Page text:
GD: Where do I start? So much has happened in such a short period of time. I worked with a designer, Lael Osness. She designed Jessie J’s world tour clothing and costumes for the stage. And that was a really amazing experience, because we got to actually fit with Jessie and work with her. And although those were not my designs, being able to work on someone else’s vision (that millions of people are going to see) was really, really cool. I did a number of other projects with Laele, worked with Valentina from RuPaul’s DragRace, a MAC cosmetics campaign, we also did some dresses for Mariah Carey. Then I bounced over to the art department world, where I did a Twenty One Pilots music video, two Ariana Grande music videos, and a commercial for Google with DJ Marshmello. After that, it was back to the sewing world again, where I got a chance to work with designer Asher Levine. We worked on Lady Gaga’s Enigma Residency costumes in Las Vegas. Working with Asher was incredible. His brain works in a way that mine cannot even comprehend. Working with him forced me to think outside of the box. Then, I finished my year out with a couple more music videos with production designer John Richoux and Team Nomad: one for Ariana Grande and one for Kacey Musgraves.
“I also want to inspire others to create more, and if I can be a catalyst for people in that way, then I think I’m doing alright.”
PO: And all that in a period off four and a half months?
GD: Yeah, once you get plugged in here, it’s just nonstop. Once I started working, I didn’t get a day off until Christmas.
PO: Was it difficult to translate your skill set of being a fashion designer to working in the art department? It certainly sounds like you took to it like a fish to water.
GD: There are definitely a lot of skills that translated for the type of work I do. On set I’m known as a “draper.” A draper is in charge of anything to do with fabric. So whether I’m reupholstering, or I’m using fabric as wallpaper, or making pillows, or crafting art pieces for the wall, I really do get to flex my design muscles. Remember that shoot I did with Clay Cook for PATTERN (Vol. 12)? Not only was the model wearing my designs, but I also designed those sets! So while I didn’t do a lot of that type of work in Louisville, it certainly was in my wheelhouse.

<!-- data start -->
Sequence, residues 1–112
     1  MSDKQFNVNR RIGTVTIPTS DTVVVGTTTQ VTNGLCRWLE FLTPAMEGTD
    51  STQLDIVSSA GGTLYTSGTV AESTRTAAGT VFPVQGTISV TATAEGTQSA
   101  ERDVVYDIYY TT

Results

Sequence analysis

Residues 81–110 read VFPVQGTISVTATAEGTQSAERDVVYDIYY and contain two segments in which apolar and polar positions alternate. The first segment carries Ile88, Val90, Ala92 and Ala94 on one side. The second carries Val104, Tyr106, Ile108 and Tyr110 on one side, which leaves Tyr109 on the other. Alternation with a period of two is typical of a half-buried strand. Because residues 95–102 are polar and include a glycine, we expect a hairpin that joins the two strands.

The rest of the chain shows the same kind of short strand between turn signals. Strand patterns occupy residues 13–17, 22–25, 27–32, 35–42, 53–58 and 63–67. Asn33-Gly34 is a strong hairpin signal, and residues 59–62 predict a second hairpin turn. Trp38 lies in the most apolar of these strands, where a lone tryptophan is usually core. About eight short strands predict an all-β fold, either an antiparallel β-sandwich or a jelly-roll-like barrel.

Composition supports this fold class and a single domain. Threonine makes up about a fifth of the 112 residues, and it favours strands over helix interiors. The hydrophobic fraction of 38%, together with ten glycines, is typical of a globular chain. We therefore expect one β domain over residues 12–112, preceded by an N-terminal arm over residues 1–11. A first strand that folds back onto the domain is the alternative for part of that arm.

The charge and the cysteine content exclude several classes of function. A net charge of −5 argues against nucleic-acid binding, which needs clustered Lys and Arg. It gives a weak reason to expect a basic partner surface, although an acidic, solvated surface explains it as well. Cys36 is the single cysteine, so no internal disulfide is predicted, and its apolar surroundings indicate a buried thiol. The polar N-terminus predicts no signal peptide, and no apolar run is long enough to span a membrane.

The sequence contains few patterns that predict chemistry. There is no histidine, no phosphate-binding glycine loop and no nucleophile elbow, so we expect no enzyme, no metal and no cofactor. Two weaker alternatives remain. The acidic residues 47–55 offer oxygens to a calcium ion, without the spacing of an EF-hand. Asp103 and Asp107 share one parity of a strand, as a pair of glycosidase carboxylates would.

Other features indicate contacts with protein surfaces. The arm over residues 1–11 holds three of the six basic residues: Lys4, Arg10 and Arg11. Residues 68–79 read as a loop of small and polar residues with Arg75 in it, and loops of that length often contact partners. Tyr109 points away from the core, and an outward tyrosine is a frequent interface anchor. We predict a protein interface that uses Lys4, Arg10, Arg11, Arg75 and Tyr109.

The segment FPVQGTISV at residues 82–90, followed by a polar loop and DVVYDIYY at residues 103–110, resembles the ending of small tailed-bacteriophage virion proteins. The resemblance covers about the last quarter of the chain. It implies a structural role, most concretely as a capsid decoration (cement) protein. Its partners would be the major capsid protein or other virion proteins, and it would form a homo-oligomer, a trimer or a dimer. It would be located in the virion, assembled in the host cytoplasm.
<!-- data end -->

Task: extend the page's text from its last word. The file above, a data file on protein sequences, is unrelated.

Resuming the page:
PO: LA is such a different beast from the Midwest. How has it been trying to fit in here?
GD: I’m very proud to be from the Midwest. I enjoy being a nice person who has genuine empathy for others and is willing to help others just because. People recognize this niceness as being different from the LA niceness, and respond well to it. On the flip side, when people hear that I am from Kentucky, they almost instantly assume that I’m not as good and don’t know as much as they do — that I am somehow culturally inept as well. People here have a tendency to explain the difference between LA and everywhere else, as though I’ve been living on another planet all this time. Meantime, they have no real idea of my life in Kentucky or the level of experience and expertise that I bring to the table, that I spent the last decade working for myself and creating my own empire. I own a boutique. I did hair in a salon for almost ten years. I had two clothing lines running simultaneously. I was creative directing for four publications, as well as for large commercial brands. Sometimes it feels like some people might need something to hold over me. They think the ‘something’ is that I’m from the Midwest, but I believe that it’s one of my biggest assets.
PO: What’s the most daunting thing about living in LA?
GD: You don’t know traffic until you’ve sat on the freeway for three hours. You don’t know anxiety until you’re stuck in traffic, panicking about being late to an important meeting. I’ll start there because it’s the most obvious downside. Also the homeless issue in LA is one of the saddest things I’ve ever experienced. I’m really looking forward to seeing how our new governor’s new plan for trying to address this issue plays out. Generally speaking, LA is like any other big city. It can chew you up and spit you out. And I’ve experienced that on both coasts. A big city can do that. Adjusting to life here is a huge transition. Everything’s more difficult and time-consuming, from shopping for groceries to picking up supplies for projects. You have traffic no matter where and what time of day you go. There’s just a lot more to handle every single day, versus living in a city like Louisville.
PO: What does the future hold for you? What are your goals for the coming days?
GD: I plan on giving LA at least a good five years, unless something incredible comes up elsewhere. That’s what it would take for me to move away. Challenges aside, I’m having a little bit of a love affair with LA. I didn’t think that I would, and now that I’m here I find it rewarding, challenging, stylish, warm. I feel more myself here than I’ve felt in a long time. I think that that’s pretty special. I’m very optimistic about my future here. I feel like I can expand on everything that I’ve been doing all these years. To do more and do it bigger and better. I want to make a lot more money. I want to make a lot more art. I want to make a lot more friends. I also want to inspire others to create more, and if I can be a catalyst for people in that way, then I think I’m doing all right.